2. Books about People: John McPhee’s The Headmaster about the man who was headmaster at Deerfield Academy for more than 60 years and his book about the All-American basketball star at Princeton and later New York Senator, Bill Bradley in A Sense of Where You Are.
  3. Books by Bill Bryson whose A Short History of Nearly Everything accurately sums up Bryson’s scope but also his memoir The Thunderbolt Kid as well as At Home, and The Body.
  4. Books about man and his place in the universe in Yuval Harari’s Sapiens: A Brief History of Mankind and Jim Holt’s Why Does the World Exist?
When you’ve had enough of serious stuff and are threatening to get closer than 6 feet to someone other than your partner, dive into mysteries especially those which might also make you laugh.
  1. It will be hard to find a better protagonist than Harlen Coben’s Myron Bolitar who is a Jewish former basketball All American drafted by the Celtics who now combines his business as an agent with solving crimes. I particularly liked One False Move.
  2. The late Robert B. Parker wrote more than 2 dozen Spenser books where the literate and romantic Spenser combined with Hawk for great dialogue and mayhem. His final book Sixkill is a good one.
  3. Georges Simenon wrote 72 Inspector Maigret novels mostly sited in Paris in the 1930’s-1950’s. Short on suspense but long on mood and psychology, I’d read them all. You might start with Maigret Rents a Room, but any of them will do.
  4. Tara French is among the newer generation of who-done-it greats. Her Dublin Murder Squad is long on internecine rivalries but that doesn’t stop them from solving complex crimes. I’d start with the first, Broken Harbor.
  5. Lee Child’s Jack Reacher always creates mayhem and murder in any small town he randomly visits. Some of his books I found offensive, but Gone Tomorrow is a good one.
If murder mysteries don’t lift you out of your boredom, let’s aim a bit higher and read some poetry, perhaps the most personal of all genres. Here are some that I have loved and that I guarantee are better than watching Dancing with the Stars reruns.
  1. Donald Hall was an English professor in Ann Arbor when we met and he remained a pen pal for the next 50 years. His Kicking the Leaves and his Selected Poems are superb.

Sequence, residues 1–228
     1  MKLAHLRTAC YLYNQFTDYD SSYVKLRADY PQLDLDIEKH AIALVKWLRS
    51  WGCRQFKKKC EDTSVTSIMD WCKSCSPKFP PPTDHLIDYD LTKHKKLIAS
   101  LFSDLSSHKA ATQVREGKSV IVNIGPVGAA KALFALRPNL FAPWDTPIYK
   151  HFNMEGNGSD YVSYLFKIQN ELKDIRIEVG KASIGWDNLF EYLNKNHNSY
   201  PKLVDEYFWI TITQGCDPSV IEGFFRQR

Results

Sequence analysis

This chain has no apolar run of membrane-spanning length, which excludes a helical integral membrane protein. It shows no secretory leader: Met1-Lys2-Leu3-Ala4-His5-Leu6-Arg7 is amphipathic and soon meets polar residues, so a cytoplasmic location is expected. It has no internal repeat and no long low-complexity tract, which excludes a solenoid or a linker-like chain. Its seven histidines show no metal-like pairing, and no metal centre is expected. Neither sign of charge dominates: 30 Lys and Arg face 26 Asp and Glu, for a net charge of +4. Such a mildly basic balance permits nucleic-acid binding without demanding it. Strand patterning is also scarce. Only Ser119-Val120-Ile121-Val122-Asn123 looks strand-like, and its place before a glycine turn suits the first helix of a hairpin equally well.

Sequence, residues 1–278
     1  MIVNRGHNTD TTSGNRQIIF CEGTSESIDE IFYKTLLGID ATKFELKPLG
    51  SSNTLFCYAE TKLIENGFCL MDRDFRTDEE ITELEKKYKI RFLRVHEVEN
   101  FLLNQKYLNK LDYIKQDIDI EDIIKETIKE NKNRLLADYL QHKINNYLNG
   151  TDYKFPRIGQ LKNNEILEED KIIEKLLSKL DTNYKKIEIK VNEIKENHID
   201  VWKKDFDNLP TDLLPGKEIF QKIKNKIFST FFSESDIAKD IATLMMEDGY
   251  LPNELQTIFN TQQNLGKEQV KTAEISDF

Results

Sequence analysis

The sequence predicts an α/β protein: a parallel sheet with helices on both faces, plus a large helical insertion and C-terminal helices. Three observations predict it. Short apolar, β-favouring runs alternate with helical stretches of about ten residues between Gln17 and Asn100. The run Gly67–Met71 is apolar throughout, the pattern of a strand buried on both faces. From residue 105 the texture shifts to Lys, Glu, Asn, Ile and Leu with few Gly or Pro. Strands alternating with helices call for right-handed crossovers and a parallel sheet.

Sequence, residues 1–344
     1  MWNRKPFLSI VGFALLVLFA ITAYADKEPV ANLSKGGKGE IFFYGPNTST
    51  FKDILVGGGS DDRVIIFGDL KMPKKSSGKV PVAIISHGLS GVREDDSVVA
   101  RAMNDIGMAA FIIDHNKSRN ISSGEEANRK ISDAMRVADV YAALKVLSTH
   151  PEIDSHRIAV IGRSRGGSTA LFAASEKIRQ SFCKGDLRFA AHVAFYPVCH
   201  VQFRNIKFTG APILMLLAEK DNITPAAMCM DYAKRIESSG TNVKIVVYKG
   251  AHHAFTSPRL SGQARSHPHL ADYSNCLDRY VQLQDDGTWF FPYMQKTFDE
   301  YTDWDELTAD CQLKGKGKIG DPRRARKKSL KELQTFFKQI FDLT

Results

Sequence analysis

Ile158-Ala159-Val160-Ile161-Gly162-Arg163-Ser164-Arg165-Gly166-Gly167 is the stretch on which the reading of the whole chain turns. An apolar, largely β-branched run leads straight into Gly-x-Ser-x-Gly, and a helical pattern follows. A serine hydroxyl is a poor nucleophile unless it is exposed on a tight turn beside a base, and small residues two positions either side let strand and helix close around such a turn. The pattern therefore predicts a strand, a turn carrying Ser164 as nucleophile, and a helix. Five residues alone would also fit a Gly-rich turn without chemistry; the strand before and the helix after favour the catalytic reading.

2. Mary Ruefle is a Vermont poet whose unique Madness, Rack, and Honey will delight you.
  3. Stanley Kunitz who lived to be 100+ wrote The Wild Braid in his late 90’s. Read it for the garden tips as well as the beautiful, lyrical poems.
Mindfulness and Spirit:
When all else fails, you may want to turn to the spiritual. Forget hand washing and masks and get in touch with your inner hazmat suit. The selections here range from two wonderful books from Susan Hill’s list, to more contemporary guides to mindfulness,to the ultimate book of answers and questions, the Bible.
  1. Michael Mayne was the rector at Westminster in London when he wrote a wonderful book about the natural world, faith, and the spirit in Learning to Dance.
  2. Patrick Leigh Fermor spent time visiting Benedictine monasteries in France and his insights into the silent, spiritual life are fascinating and calming in A Time to Keep Silence.
  3. Mindfulness for the beginner to the experienced can be discovered in Tara Brach’s True Refuge, Joseph Goldstein’s Mindfulness, and (for humor as well) Dan Harris’s Meditation for Fidgety Skeptics.
  4. The current pandemic would fit in well with the Torah with its plagues, floods, and non-random acts of vengeance and destruction, but its also full of wisdom and fascinating insights into the human condition.